Tuesday 6 December 2016

'We're living in third-world times,' says flood victim (75)

Published 15/12/2015 | 02:30

Mick Dunning standing in the floodwaters around his home at Carrick O’Brien, Athlone.
Mick Dunning standing in the floodwaters around his home at Carrick O’Brien, Athlone.
Michael and Patty Macken prepare to abandon their flooded home at Carrick O’Brien by tractor with the help of their son Paul. Photos: Frank Mc Grath
Meshick Jaftha from South Africa navigates floods near Athlone. Photo: Frank McGrath

Paul Macken's elderly mother's feet were submerged in water as he drove her back to her home on a tractor up a long flooded lane.

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He was preparing to move his 75-year-old parents, Michael and Patty, from their home last night as many of their services - including their bathroom - are no longer functioning and he feared it would become inaccessible overnight if any more rain came.

When the Irish Independent visited them in their home last week they were determined to fight the deluge. But the situation got worse over the weekend and the water levels have steadily continued to rise, a stark reminder of the floods of 2009, which forced the Mackens out of their home.

"Since the weekend, our only transport out has been the tractor and now we are at the stage where the tractor won't be any good any more. The brakes are gone and the water is getting into it," Patty said.

"The housing officer in the council gave me his number if I want to ring him and see what is available."

However, her husband is keen to stay to keep the fire lit to keep the house warm - as their home is now surrounded almost entirely by water. The river is normally around 100 metres from their home, but last night it was less than several feet away.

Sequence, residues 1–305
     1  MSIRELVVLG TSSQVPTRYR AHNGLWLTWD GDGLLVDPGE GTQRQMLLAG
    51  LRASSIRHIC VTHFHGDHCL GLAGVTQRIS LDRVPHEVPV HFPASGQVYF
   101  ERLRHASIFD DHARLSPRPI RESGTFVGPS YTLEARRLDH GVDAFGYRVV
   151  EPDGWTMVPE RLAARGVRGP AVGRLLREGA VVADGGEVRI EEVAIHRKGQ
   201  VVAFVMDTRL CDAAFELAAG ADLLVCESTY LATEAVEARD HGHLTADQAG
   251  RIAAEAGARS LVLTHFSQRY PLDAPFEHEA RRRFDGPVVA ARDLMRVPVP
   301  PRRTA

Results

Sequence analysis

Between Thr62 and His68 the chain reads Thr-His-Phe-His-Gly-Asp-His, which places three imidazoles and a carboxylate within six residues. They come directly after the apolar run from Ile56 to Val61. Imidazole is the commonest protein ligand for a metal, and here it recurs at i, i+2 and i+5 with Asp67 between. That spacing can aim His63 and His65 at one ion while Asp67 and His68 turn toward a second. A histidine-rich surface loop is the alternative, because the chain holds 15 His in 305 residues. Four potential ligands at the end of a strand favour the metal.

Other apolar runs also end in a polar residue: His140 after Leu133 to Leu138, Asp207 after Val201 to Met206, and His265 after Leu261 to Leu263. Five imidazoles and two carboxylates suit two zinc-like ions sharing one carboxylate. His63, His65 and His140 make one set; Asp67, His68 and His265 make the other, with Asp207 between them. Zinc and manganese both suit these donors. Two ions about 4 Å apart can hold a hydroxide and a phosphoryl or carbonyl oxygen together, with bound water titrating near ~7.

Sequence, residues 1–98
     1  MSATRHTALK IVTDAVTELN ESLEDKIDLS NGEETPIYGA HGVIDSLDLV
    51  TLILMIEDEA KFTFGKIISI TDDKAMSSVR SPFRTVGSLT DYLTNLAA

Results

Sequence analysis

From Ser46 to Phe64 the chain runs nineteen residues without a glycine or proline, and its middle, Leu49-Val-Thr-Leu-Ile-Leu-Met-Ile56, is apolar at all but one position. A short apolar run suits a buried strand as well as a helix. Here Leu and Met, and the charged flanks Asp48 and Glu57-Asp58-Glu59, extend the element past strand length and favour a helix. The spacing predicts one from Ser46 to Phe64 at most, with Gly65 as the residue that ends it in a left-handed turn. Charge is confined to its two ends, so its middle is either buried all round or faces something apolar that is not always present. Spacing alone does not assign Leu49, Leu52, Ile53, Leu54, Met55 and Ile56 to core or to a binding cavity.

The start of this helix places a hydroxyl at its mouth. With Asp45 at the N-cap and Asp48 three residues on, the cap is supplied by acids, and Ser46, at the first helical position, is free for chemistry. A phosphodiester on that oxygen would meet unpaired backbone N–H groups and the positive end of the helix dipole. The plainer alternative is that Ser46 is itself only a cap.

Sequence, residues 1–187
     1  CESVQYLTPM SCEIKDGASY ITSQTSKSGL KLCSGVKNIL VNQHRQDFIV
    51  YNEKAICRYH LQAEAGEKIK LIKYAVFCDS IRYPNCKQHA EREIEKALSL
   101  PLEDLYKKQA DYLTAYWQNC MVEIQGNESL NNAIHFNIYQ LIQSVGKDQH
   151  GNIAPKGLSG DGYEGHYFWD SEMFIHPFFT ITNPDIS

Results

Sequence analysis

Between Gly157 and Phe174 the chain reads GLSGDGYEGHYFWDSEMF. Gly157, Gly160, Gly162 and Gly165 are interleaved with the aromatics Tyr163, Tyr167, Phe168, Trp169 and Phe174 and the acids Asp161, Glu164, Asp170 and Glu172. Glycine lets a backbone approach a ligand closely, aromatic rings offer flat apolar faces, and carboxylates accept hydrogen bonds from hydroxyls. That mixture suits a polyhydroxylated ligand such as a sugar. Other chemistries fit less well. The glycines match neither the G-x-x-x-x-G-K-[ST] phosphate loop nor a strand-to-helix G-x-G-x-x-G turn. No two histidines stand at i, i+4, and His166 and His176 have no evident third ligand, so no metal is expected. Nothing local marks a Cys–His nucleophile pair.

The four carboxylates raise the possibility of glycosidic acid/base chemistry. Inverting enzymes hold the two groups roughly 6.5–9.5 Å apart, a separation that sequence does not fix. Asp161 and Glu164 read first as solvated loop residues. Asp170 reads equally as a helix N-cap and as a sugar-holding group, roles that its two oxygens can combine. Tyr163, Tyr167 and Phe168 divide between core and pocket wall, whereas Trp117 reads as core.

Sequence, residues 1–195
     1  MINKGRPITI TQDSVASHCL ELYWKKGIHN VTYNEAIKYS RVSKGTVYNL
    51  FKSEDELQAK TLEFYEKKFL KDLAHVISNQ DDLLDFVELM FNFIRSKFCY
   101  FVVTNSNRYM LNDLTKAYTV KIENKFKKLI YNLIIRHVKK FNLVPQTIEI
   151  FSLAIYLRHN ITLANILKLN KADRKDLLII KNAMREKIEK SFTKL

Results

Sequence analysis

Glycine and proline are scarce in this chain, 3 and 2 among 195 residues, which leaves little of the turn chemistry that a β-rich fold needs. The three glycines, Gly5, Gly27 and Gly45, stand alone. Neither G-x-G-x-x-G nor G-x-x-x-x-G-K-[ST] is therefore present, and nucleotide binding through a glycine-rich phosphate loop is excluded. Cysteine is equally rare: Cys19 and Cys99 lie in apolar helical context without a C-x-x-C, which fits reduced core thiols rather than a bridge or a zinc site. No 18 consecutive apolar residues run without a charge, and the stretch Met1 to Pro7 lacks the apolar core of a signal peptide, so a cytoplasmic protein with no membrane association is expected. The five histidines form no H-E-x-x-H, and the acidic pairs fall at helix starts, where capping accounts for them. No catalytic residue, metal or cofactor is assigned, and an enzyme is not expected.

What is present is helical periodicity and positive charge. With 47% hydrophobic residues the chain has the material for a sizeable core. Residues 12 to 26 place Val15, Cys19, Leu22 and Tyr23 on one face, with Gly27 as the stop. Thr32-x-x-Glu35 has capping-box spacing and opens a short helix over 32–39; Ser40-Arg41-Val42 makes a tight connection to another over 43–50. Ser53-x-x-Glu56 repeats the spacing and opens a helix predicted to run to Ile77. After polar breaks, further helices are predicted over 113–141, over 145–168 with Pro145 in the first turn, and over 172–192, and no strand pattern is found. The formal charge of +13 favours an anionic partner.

Patty is determined they won't be forgotten during the clean-up and said a long-term solution must be found as they can't get house insurance.

"When the water goes away, is it possible it will be forgotten? We don't want this forgotten," she said.

"I am very frustrated. I can't do anything. It is like I am on my holidays here now, I can't do anything.

"I am a prisoner in my own home."

Her son Paul, who is a haulier, has been forced to take time out from work to help them. He has three young children who have to travel to school in a truck.

The sewage system in their home has also been affected and the family has been provided with a portable toilet in the garden by local councillor John Dolan.

While the water has not entered his house yet, just yards from his parents, Paul is determined not to leave as he fears it will be burgled.

Paul, who is married to Elaine, has been assisting Cllr Dolan to help the community.

Every day they drive to their neighbours to ensure they are okay, to check if they have enough sandbags or if they need to move from their home.

Community spirit has been the only silver lining in this very dark cloud for the rural area of Carrick O'Brien, just outside Athlone.

The Mackens are used to flooding in their garden, but have never seen it as bad as this before: "We are back to third-world times. This is the second bad flood. It will be lapping that hedge [in the back garden], it might be in the two fields at the front but it wouldn't be covering the road," Patty added.

"It's better to sing grief than to cry it," his father Michael added, as he helped his wife out of the tractor with her suitcase.

Westmeath County Council yesterday warned the River Shannon remained at a high level through Athlone and its hinterland and was approximately 60cm above normal winter flow levels.

Council workers are continuing to coordinate a large inter-agency response to the current conditions with assistance from the Defence Forces, Civil Defence, An Garda Síochána, Irish Water, the Department of Social Protection and the HSE, it added.

Irish Independent

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